Bolivia to build nuclear reactor

Discussion in 'Americas' started by IBSA, Jan 25, 2014.

  1. IBSA

    IBSA Regular Member

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    23 January 2014 Last updated at 01:47 GMT
    Bolivia 'to build first nuclear reactor'

    Bolivian President Evo Morales has announced plans to build the country's first nuclear reactor.

    Mr Morales said the development of nuclear technology for peaceful purposes has become a strategic priority for his country.

    Speaking to members of the Bolivian Congress, he said that Iran, France and Argentina had volunteered to help with the development of the project.

    Only three countries in Latin America have operating nuclear power stations.

    Brazil, Argentina and Mexico began their nuclear programmes in the 1970s.

    Chile has only small-scale, experimental nuclear reactors.

    "Bolivia cannot remain excluded from this technology, which belongs to all humankind," Mr Morales said in his annual state of the union address in La Paz.

    "We have decided to create a high-level energy commission. This is a priority of the Bolivian state," he said.

    Mr Morales, an outspoken critic of the United States policies in the region, is running for re-election in October.

    Last month, Bolivians gathered in the central square in La Paz to cheer the launch of Bolivia's first telecommunications satellite.

    President Morales, who went to China for the launch, said it would end Bolivia's dependence on foreign powers for its communications.

    The satellite is named Tupak Katari, after an indigenous hero who fought Spanish colonial rule.

    BBC News - Bolivia 'to build first nuclear reactor'
     
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  3. pmaitra

    pmaitra Moderator Moderator

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    Good. I think Latin America needs economic and infrastructure boost. more electricity will also boost industries, and can be a good outsourcing hub for the US, and still be in a comfortable time zone.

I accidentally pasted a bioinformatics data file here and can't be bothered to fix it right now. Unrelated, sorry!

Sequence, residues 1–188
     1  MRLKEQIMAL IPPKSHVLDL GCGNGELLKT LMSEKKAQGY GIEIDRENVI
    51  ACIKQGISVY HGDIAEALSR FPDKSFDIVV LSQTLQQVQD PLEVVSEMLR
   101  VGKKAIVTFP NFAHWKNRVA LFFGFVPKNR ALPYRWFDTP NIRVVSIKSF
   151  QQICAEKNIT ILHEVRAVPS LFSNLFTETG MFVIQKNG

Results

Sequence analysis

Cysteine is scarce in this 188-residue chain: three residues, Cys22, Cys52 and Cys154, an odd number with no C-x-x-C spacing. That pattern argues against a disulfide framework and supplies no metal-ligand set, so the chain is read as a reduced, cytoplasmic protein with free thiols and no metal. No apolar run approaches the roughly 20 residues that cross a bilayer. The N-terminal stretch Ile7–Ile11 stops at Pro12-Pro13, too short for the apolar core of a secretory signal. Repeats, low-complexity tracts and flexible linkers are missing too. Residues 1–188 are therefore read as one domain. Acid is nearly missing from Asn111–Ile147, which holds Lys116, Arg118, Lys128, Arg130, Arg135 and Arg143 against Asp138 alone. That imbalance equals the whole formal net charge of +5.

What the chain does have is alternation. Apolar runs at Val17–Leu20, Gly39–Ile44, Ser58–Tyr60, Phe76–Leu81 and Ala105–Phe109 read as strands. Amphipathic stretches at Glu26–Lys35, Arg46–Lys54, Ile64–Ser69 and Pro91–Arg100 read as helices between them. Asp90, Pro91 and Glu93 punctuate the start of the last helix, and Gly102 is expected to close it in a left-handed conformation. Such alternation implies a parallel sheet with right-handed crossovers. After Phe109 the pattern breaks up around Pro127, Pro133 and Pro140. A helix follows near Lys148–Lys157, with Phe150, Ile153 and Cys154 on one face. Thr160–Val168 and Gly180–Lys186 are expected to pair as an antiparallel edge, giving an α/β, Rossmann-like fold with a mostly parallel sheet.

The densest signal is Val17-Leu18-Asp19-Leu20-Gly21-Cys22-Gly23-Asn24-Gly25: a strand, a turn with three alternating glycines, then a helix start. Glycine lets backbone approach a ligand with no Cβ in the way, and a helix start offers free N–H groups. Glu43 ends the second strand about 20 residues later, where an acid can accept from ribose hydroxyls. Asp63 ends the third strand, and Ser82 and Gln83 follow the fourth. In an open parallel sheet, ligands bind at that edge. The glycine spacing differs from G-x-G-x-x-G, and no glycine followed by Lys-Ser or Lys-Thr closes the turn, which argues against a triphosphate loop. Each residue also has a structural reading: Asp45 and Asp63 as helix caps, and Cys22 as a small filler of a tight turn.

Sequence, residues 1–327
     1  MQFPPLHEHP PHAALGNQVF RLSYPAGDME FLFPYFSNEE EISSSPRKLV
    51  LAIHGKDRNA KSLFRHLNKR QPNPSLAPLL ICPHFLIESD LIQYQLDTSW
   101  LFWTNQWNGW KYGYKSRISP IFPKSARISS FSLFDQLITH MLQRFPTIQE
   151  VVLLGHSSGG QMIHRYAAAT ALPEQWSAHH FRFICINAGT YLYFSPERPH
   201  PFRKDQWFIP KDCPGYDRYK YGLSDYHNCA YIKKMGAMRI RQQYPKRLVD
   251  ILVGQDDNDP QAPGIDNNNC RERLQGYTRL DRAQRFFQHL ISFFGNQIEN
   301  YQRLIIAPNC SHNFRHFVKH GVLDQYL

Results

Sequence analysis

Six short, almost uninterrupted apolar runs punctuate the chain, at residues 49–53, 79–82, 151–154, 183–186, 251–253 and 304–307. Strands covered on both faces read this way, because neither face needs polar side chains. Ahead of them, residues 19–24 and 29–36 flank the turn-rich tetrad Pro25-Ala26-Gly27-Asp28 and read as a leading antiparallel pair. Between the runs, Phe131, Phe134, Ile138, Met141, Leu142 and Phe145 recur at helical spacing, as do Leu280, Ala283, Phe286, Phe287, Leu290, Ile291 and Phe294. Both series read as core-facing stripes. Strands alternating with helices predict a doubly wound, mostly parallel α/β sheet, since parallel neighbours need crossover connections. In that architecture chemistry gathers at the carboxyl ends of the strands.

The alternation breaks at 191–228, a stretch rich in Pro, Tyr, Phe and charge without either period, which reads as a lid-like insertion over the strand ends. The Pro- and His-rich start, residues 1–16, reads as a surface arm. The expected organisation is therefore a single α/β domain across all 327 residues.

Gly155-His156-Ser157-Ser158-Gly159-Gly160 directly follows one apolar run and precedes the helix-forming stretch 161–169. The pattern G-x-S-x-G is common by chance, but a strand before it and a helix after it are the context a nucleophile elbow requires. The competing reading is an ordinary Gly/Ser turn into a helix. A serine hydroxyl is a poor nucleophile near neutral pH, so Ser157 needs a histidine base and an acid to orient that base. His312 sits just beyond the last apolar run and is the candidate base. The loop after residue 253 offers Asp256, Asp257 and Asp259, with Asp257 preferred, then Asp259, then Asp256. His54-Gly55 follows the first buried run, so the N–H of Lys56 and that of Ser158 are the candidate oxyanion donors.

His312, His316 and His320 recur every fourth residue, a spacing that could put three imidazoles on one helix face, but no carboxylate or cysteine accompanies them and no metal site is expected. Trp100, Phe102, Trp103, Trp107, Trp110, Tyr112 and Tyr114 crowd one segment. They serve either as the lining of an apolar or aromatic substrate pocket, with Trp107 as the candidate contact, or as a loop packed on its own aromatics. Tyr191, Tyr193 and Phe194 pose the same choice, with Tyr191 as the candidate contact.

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  4. IBSA

    IBSA Regular Member

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    Is Bolivia Going Nuclear?
    Earlier this week, President Evo Morales announced plans to build a nuclear reactor with the help of Iran. The only question: Why?

    Maybe it’s the rarefied air over the Andes or the pull of Pachamama, the Incan version of Mother Earth, but the authorities in Bolivia these days seem to have some awfully ambitious plans.

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    Bolivian President Evo Morales (AFP/Getty Images/Javier Mamani)

    Case in point: Earlier this week, President Evo Morales announced his goal to build a nuclear reactor with the help of Iran. Morales dropped the bomb in his state of the union address to the Bolivian legislature, adding a dramatic flourish to the 11th anniversary of his presidency. “Bolivia cannot be left on the sidelines of [nuclear] technology,” he said, calling the peaceful employment of atomic energy a “strategic priority.”

    It’s not the first time Morales has made a brazen move. Last year, for instance, he capped off a trip to Moscow with the idea of extending asylum to Edward Snowden. He didn’t follow through, but wound up triggering an international manhunt for the fugitive American thought to be hiding on Morales’ presidential plane. In 2006, he sent soldiers to take over oil refineries owned by the Brazilian oil giant Petrobras, which was a direct slap in the face to the Latin powerhouse next door.


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    Morales with former Iranian President Mahmoud Ahmadinejad in 2010 (Reuters/Morteza Nikoubazl)

    But this week’s move caught even his most ardent supporters off guard. Granted, Morales had been toying with the idea for years, signing a cooperation protocol with Iran in 2010, but only recently has he made a nuclear Bolivia a national priority. “I want to tell you, we are not far from having atomic energy,” he told Bolivian lawmakers. “And we have sufficient prime material, and we have the right [to nuclear technology].”